The design of strategies for uptake of livestock vaccines by communities in East Africa should take into account that male and female farmers face different barriers in the uptake of the vaccines, a new research study says.
These barriers include the cost of the vaccines, distances to vaccination points, access to information on vaccination campaigns and decision-making processes at household level. Some constraints affect both men and women while others affect one gender group only, based on prevailing gender norms and division of labour.
The study, published in the journal Vaccines (8 Aug 2019), was undertaken by a team of scientists from the International Livestock Research Institute, Uganda’s Ministry of Agriculture, Animal Industry and Fisheries and the United States Agency for International Development Office of U.S. Foreign Disaster Assistance.
The work was carried out in purposively selected sites, namely, Kwale and Murang’a counties in Kenya and Arua and Ibanda districts in Uganda. The sites in Kenya were selected because livestock there had recently been vaccinated against Rift Valley fever while the sites in Uganda were chosen because they had experienced recent outbreaks of the disease but no vaccination was carried out. Data were collected through 58 focus group discussions (30 in Kenya and 28 in Uganda), with 8–12 discussants per group.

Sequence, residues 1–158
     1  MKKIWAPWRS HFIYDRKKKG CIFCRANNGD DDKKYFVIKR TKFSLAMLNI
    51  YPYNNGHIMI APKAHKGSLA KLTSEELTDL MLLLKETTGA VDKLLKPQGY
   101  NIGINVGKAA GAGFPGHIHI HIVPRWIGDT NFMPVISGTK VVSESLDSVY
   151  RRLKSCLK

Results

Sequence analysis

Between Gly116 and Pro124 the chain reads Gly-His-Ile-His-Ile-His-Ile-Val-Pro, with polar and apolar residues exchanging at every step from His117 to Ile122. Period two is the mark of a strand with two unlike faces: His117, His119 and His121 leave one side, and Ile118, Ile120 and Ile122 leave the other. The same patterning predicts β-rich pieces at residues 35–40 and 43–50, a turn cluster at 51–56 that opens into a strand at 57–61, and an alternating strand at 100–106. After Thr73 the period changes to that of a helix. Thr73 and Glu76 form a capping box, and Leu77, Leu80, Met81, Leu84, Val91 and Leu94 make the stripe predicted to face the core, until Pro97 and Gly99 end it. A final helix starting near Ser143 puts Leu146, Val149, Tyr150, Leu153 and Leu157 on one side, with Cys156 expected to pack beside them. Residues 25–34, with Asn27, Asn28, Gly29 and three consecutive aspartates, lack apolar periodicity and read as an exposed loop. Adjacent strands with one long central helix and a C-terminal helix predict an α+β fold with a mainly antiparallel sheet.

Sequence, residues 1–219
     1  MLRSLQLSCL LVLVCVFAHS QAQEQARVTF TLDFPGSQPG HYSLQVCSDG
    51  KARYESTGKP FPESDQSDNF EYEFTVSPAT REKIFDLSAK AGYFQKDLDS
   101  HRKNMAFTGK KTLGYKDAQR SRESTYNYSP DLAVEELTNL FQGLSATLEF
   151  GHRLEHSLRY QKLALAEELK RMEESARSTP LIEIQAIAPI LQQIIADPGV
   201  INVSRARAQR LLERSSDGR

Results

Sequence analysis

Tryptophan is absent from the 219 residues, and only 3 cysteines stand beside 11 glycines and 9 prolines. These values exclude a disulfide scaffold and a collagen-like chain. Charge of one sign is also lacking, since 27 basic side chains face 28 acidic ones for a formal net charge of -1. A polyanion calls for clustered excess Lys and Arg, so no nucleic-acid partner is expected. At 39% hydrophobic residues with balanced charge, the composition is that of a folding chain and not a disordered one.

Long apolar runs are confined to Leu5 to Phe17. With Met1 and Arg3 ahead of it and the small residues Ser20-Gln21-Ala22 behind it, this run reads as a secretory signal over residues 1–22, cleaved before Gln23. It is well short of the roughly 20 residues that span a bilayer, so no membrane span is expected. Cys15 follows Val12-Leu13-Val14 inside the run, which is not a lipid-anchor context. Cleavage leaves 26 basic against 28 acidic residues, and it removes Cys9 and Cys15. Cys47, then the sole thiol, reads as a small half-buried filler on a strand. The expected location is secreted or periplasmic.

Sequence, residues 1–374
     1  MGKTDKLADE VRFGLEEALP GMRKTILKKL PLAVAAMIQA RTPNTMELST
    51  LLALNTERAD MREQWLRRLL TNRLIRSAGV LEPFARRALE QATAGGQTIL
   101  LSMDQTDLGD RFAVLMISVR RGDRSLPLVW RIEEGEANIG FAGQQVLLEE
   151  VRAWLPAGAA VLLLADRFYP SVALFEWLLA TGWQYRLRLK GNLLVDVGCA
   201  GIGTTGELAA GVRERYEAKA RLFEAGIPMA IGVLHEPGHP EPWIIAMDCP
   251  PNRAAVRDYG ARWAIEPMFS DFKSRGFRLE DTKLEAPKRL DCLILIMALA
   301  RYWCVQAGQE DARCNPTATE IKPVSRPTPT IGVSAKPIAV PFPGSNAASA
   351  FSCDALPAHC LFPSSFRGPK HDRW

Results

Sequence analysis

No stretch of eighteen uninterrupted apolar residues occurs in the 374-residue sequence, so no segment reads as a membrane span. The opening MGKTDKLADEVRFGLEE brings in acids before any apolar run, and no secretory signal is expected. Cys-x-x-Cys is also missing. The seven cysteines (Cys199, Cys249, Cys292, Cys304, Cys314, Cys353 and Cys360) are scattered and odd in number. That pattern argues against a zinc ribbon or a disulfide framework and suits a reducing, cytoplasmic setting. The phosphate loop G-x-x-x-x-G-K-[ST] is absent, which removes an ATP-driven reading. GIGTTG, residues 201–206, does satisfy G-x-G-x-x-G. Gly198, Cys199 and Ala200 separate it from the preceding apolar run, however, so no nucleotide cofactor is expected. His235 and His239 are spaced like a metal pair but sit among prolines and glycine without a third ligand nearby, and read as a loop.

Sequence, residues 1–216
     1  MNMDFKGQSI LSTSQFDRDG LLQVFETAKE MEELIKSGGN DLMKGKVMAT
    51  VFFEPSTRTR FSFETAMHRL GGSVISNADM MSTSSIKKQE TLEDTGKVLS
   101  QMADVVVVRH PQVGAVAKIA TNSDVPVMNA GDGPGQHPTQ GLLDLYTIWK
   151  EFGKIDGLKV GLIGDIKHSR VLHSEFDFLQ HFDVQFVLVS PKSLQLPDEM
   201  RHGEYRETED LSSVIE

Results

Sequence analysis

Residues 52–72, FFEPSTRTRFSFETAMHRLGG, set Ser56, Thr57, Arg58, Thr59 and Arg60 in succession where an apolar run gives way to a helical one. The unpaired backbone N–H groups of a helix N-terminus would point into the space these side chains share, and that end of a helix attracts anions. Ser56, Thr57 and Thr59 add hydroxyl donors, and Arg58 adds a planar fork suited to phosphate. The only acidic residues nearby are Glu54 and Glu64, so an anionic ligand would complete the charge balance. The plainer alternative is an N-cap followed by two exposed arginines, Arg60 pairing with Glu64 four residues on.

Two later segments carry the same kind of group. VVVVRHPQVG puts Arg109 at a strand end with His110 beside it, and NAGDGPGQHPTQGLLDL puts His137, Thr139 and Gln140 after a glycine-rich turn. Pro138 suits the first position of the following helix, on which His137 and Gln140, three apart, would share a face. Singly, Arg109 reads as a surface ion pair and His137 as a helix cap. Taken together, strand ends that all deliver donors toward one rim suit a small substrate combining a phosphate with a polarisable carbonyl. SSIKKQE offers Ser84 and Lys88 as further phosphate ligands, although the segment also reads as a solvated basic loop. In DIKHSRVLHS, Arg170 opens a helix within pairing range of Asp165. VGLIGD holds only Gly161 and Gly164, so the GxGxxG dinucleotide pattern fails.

The researchers found that women in Kwale experienced more difficulties than their male counterparts in accessing information on vaccination campaigns while women in Ibanda had limited decision-making capacity over the management and control of livestock diseases because of culturally defined livestock ownership patterns.
The cost of vaccines was a greater barrier for men than for women because the role of managing and controlling livestock diseases in these communities was culturally ascribed to men.
To be effective, therefore, livestock vaccination campaigns need to consider the socio-cultural gender dynamics that exist at household and community level. It is not enough to merely provide vaccines to the community during mass campaigns.
“Availability of vaccines does not guarantee uptake at community level due to social, spatial, economic and vaccine safety and efficacy barriers faced by men and women farmers,” the researchers note.
They add, “Vaccine uptake is a complex process which requires buy-in from men and women farmers, veterinary departments, county/district governments, national governments and vaccine producers”.
Mutua, E., Haan, N. de, Tumusiime, D., Jost, C. and Bett, B. 2019. A qualitative study on gendered barriers to livestock vaccine uptake in Kenya and Uganda and their implications on Rift Valley fever control. Vaccines 7(3): 86.